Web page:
You can just download it, and it’s got great basic information about toxicology that everybody needs to know, written in a very clear, concise, easy-to-read and understand way.

So, I think this is a book that every person on the planet should be reading because it really gives you the basics by somebody who’s trained in this field.

Hello, Dr. Gilbert.

STEVEN GILBERT: Hi, Debra. How are you doing this morning?

DEBRA: I’m doing very well. How are you?


DEBRA: Good! Well, let’s just start by talking about what’s the definition of ethics. What is ethics?

STEVEN GILBERT: That is a really tough question because ethics—

DEBRA: I know.

STEVEN GILBERT: There are many different perspectives and different applications to it. And I think the most important part for me is ethics is part of decision-making in our values—how we approach decision-making when it comes to exposure to toxic chemicals.

In that regard, with what our definition of human and environmental health is, how do we define that, and how do we approach our decision-making in toxicology, and then risk assessment in particular.

DEBRA: I read your whole entire chapter on ethics and a lot of the sub-links that you have this morning. And one of the things that you have is one of my favorite quotes in the entire universe, which is from Aldo Leopold. He was America’s first bio-ethicist. And he said this in 1949, “A thing is right when it tends to preserve the integrity, stability and beauty of the biotic community. It’s wrong when it tends otherwise.”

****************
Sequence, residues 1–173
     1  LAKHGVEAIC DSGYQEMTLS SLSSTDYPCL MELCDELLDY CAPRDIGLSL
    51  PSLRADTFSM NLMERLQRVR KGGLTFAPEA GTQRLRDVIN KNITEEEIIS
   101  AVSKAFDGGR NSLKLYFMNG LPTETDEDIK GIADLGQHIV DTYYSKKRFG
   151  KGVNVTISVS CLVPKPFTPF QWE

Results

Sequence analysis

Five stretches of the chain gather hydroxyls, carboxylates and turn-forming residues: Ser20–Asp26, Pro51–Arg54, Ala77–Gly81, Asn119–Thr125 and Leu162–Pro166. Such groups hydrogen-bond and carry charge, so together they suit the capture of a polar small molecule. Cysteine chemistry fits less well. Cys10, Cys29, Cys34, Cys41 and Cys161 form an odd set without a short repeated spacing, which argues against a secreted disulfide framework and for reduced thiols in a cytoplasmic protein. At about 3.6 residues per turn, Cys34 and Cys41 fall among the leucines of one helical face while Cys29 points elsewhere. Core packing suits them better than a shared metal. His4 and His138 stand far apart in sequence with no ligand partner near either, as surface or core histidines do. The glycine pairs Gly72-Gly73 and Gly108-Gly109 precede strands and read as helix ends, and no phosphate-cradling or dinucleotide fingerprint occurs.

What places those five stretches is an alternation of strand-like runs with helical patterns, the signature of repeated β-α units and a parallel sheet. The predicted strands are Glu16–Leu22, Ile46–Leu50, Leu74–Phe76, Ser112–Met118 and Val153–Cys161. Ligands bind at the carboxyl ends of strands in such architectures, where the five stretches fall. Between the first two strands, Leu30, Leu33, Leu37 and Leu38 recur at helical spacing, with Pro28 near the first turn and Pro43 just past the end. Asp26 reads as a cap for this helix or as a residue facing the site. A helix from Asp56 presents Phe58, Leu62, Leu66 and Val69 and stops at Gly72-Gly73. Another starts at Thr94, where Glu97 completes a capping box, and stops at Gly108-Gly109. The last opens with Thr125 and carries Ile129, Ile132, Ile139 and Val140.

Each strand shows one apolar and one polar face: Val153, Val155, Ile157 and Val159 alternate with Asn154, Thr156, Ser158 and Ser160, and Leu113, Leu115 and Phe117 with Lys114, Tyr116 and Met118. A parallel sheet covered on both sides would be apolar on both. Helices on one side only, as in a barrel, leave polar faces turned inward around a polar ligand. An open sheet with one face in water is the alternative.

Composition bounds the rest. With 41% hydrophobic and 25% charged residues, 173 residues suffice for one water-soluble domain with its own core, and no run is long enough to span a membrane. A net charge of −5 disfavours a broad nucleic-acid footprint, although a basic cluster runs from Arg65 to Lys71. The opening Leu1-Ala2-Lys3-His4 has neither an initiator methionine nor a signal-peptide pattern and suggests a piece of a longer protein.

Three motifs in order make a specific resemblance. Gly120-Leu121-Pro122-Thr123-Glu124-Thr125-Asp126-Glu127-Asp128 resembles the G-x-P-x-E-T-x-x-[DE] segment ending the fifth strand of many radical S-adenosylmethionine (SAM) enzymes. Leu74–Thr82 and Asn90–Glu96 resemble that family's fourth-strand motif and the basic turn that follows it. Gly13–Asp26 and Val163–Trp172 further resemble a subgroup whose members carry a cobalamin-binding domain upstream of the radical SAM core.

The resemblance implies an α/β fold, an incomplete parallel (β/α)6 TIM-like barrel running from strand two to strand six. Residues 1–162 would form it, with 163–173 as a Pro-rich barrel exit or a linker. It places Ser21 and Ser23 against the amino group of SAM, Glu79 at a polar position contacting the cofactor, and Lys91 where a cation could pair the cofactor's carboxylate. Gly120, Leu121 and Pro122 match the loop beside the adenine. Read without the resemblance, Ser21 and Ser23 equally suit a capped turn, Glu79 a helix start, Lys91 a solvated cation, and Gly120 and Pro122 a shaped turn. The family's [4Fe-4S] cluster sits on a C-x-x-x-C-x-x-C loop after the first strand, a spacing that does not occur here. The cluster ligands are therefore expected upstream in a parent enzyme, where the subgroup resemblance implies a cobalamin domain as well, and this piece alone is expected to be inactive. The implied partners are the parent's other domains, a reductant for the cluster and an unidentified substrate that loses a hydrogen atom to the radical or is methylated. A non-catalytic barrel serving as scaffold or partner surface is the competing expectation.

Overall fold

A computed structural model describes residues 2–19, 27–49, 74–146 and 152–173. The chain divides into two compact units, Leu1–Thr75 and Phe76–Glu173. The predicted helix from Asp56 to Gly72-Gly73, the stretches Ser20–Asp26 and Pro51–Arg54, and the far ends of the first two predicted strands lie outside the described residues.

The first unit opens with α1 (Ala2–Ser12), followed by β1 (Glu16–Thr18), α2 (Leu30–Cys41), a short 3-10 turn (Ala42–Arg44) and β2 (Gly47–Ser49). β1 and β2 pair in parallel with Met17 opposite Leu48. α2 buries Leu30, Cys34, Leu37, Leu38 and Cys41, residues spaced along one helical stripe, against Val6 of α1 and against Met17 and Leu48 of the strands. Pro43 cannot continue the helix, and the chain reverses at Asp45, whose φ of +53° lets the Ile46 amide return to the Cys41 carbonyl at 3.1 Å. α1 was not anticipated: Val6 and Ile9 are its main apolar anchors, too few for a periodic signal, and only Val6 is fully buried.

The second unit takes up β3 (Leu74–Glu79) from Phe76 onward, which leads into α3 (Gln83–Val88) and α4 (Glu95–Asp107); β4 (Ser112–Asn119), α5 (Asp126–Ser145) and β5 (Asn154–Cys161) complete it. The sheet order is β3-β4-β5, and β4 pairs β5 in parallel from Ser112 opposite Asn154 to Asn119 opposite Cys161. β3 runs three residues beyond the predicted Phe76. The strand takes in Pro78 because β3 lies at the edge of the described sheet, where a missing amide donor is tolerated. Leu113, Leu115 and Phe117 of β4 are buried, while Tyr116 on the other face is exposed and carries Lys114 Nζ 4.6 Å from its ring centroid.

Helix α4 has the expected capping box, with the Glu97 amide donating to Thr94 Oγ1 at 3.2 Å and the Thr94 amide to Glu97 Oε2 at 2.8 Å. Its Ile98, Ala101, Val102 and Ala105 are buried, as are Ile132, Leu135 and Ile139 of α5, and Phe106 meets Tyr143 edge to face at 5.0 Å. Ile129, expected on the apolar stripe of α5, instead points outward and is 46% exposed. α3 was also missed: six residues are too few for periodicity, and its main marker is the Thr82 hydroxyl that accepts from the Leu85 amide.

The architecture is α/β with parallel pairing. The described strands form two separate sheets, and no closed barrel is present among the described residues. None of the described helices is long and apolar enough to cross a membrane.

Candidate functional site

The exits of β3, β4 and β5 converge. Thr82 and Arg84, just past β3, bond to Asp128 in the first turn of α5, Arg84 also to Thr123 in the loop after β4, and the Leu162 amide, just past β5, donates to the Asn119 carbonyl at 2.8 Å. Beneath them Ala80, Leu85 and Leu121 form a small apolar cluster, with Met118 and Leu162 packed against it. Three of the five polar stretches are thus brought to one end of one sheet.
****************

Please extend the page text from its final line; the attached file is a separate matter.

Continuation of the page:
And I think that this is not only a statement full of wisdom, but I think that we tend to, in our culture, think in terms of right and wrong, but we don’t know what right and wrong means. How do you determine something is right versus something being wrong?

And in the song that I played at the beginning of the show every day, it talks about standing up for what’s right. But in our culture, we don’t have a lot of agreement on what right is. Yet this statement, this simple statement, explains it entirely, the thing to base decisions on.

Why don’t you say it again, so that everybody can hear it twice?

STEVEN GILBERT: I love this quote. I use it frequently when I lecture. So it says, “A thing is right,” and you’re absolutely correct in that defining what right is is very tricky. But it’s done brilliantly here.

“A thing is right when it tends to preserve the integrity, stability and beauty of the biotic community.”

And I love those words—the biotic community.

“It is wrong when it tends otherwise.”